Anne Spollen said...

Ha, Katie, yeah, Philip is a trip - among other things. He's one of those kids who's very lovable and very good at apologies.

And I only remember the dialogues I think about later on. They're the ones that stay with me. Then I forget to pick up the dry cleaning...

That pediatrician, Adrienne - I was so happy he was retiring after he said that to me. Now I wish I had gotten to know him. He was a very wise man.

LOL, Mary. I boiled EVERYTHING with Christopher. I wouldn't let anyone who had coughed while at my house hold him. (Hormones come in handy - that's what people blamed my nuttiness on) I wouldn't go to the mall or even the post office. Good Lord.

And you guys are all such WRITERS. Emma is really interested in writing, but I was so blindsided by the lack of reasoning, it didn't occur to me to maybe remind Emma, in the tiniest way, that you can't talk about rumps belonging to adults - at least while they're still in the room. I also know my dd, and I know she said it at the perfect volume so all her classmates heard. If Christopher hadn't been there, I don't think I would have heard anything but about her story.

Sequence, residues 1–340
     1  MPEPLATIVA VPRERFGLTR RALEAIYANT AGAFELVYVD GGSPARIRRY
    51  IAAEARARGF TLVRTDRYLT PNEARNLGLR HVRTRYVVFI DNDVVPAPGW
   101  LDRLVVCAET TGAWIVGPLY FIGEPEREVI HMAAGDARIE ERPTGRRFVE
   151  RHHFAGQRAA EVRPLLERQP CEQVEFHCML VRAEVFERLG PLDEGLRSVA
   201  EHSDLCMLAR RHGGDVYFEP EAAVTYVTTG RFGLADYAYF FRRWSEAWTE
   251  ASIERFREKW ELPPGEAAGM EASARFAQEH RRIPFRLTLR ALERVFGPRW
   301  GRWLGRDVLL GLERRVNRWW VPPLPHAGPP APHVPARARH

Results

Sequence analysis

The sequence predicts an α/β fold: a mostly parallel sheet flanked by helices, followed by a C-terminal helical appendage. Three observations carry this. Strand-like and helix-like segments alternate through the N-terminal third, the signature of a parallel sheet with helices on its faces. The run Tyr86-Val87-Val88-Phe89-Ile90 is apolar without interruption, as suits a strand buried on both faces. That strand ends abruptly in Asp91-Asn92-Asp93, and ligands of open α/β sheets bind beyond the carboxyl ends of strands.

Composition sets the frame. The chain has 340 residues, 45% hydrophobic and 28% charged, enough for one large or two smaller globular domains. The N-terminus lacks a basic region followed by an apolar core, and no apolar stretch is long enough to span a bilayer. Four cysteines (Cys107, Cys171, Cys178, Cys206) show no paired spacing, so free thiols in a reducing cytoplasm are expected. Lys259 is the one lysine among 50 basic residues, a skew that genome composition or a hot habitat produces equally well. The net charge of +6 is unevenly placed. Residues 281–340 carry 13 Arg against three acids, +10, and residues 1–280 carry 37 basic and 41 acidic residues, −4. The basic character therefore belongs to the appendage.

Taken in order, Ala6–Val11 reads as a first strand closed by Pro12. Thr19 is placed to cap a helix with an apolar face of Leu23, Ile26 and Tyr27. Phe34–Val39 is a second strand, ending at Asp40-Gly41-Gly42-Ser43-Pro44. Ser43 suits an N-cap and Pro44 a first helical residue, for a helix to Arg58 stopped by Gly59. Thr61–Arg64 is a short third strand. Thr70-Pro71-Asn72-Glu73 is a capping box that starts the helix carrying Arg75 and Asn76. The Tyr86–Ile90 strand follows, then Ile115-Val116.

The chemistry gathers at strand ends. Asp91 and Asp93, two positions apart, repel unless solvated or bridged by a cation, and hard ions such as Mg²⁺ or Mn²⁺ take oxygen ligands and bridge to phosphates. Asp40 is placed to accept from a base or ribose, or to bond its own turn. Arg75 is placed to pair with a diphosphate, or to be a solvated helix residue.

TerriRainer said...

I have to admit I would have done the exact same thing. Hopefully my older kids would have corrected the younger one too (my 8 year old is my writer).

As for parenting mistakes, we constantly tell our kids, "We don't get a damn parenting manual, so we're going to make mistakes. Just shut up and do what we say whether you think we are right or wrong."

:) Terri

Sara said...

Oh that is too funny! I love how you were all about the writing and blind to the big butt comment!

Cool blog by the way. For some reason I only just saw that you left a real friendly comment on my blog back in January, I never replied, which must have seemed rude, but I truly didn't read it until today.

Good to read you.

sara

Anne Spollen said...

In fairness, she brought her writing folder home last night, and they ARE studying non fiction writing, at least in the reading section. I'm sure the teacher is correlating the reading with their writing. Maybe the sub could have phrased things a little more clearly, but I do see the point.

And Terri, my kids love when I goof up. My mistakes last for months, and there's evaporate, water on a desert rock. Mine have the staying power of cathedrals...

Hi, Sara! I'm a blog cruiser, so I'm sure I did stop by. Welcome here!